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Dallas reorganizes, gets $1.2M check

Switch from earned income tax to personal income tax advised, as is rate hike.

DALLAS TWP. – The Dallas School Board got a check for $1.2 million Monday. It also got a recommendation to switch from an earned income tax rate of 0.5 percent to a personal income tax rate – taxing dividend and interest income – of 1.2 percent. The change would result in roughly 7,500 homeowners paying $346 less in property taxes next year, and $576 less the year after, Business Manager Grant Palfey said.

Both bits of news came after a brief reorganization meeting that saw Maureen Matiska elected to a second year as board president and Bruce Goeringer appointed as vice president. Karen Kyle had to be prodded to accept the office of assistant to the board secretary. All three won on unanimous votes, including the first vote in about six months from Board Member Dennis Gochoel, who had been serving in Kuwait as an engineer in the Navy Reserve.

The $1.2 million is the district’s share of a $1.8 million total lawsuit settlement the board agreed to Nov. 6. The rest covers court costs and lawyer fees from the firm of Rosenn Jenkins & Greenwald in the suit against several firms and the architect involved in installing a geothermal system instead of a traditional gas and electric system at the middle school. The case centered on promised savings that the board contended were never materialized.

The tax study commission was required under the state law known as Act 1, which promises to use money from legalized gambling to lower property taxes. Part of that law also gives districts the chance to switch from an earned income tax to a personal income tax, and to raise the income tax to further lower property taxes beyond what the gambling money will provide, shifting some school taxes from property to income.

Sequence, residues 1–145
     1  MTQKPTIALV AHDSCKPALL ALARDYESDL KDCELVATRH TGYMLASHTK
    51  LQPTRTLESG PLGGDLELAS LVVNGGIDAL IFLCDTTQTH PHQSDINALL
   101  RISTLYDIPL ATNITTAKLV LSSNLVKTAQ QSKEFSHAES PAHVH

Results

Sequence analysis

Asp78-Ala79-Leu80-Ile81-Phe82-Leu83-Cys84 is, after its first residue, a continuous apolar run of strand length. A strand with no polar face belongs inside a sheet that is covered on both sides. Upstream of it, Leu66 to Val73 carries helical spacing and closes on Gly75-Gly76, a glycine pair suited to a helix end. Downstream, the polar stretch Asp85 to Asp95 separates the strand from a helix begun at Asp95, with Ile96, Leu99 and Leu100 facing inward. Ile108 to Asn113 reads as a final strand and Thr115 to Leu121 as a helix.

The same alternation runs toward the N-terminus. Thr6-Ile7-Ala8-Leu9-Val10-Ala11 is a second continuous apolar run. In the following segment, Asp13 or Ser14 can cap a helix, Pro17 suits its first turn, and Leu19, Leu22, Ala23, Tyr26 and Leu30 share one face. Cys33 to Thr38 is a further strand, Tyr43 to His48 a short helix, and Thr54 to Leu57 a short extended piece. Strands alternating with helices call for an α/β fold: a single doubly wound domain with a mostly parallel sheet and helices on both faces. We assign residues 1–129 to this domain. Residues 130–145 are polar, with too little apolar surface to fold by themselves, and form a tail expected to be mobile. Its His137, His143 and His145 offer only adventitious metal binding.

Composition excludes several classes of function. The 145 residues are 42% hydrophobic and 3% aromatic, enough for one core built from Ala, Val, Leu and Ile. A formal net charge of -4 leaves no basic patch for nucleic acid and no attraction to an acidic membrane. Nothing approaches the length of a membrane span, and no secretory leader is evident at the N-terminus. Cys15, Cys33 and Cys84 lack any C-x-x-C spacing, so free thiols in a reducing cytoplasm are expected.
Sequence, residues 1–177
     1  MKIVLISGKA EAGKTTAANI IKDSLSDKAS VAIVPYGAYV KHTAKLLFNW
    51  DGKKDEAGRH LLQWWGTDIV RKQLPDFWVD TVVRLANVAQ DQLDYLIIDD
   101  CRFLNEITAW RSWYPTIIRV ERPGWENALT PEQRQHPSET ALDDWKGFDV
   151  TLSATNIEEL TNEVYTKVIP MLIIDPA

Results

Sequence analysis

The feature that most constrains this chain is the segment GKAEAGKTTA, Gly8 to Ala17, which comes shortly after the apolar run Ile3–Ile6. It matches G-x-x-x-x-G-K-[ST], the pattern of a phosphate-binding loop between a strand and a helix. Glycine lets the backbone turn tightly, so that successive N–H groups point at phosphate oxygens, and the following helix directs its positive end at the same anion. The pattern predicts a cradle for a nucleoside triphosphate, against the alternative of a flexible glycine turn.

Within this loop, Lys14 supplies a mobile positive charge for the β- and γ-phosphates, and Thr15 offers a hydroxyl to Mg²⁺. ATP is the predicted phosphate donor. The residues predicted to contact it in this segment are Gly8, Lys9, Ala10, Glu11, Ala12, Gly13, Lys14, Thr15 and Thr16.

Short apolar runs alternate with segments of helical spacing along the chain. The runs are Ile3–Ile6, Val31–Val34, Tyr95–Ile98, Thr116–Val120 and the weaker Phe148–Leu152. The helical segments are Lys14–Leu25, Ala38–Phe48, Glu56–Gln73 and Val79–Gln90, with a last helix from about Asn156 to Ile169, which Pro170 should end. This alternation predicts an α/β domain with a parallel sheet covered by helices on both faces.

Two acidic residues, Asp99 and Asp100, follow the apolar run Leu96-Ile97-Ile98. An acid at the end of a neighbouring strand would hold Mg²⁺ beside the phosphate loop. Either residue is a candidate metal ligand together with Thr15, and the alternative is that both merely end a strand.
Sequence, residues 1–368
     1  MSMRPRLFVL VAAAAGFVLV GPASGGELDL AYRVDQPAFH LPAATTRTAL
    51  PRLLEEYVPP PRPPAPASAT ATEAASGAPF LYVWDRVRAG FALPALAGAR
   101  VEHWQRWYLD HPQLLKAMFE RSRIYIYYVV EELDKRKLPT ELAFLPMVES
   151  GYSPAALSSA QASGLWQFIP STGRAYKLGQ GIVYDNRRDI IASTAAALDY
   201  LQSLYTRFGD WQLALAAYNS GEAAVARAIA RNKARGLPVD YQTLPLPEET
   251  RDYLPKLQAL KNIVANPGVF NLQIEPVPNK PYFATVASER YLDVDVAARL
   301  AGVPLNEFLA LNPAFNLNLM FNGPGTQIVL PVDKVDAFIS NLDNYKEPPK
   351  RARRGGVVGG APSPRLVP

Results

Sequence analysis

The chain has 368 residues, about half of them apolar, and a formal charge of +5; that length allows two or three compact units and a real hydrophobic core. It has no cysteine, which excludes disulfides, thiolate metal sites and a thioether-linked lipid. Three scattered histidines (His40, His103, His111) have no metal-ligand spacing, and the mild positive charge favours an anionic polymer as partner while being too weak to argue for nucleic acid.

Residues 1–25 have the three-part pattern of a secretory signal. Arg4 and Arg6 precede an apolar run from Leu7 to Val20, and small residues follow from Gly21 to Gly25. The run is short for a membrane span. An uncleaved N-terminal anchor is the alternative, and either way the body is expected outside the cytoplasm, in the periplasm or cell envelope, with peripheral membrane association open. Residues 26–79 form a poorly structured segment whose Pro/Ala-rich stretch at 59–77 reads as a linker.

Commission Chairman John Aciukiewicz said the committee voted 6-3 for a personal income tax. “We believe it was the fairest and most equitable way to shift the tax burden.” The complex law limits how much property tax payments can be reduced by such tax shifting, and the 1.2 percent personal income tax rate comes close to that maximum.

Palfey said that, historically, the first year a district switches from earned to personal income tax, only about 60 percent of the money is actually collected while all taxpayers get used to the switch. The full amount isn’t collected until the second year. That’s why he estimated the property tax relief will be smaller the first year.

Residents must also apply for the tax relief, and Palfey said only about 5,500 of roughly 7,500 eligible homeowners have done so. If the remaining 2,000 don’t apply, more money would be available for those who did.

The board has until March to accept or reject the tax study commission’s recommendations, which must also get voter approval by referendum in the May Primary.

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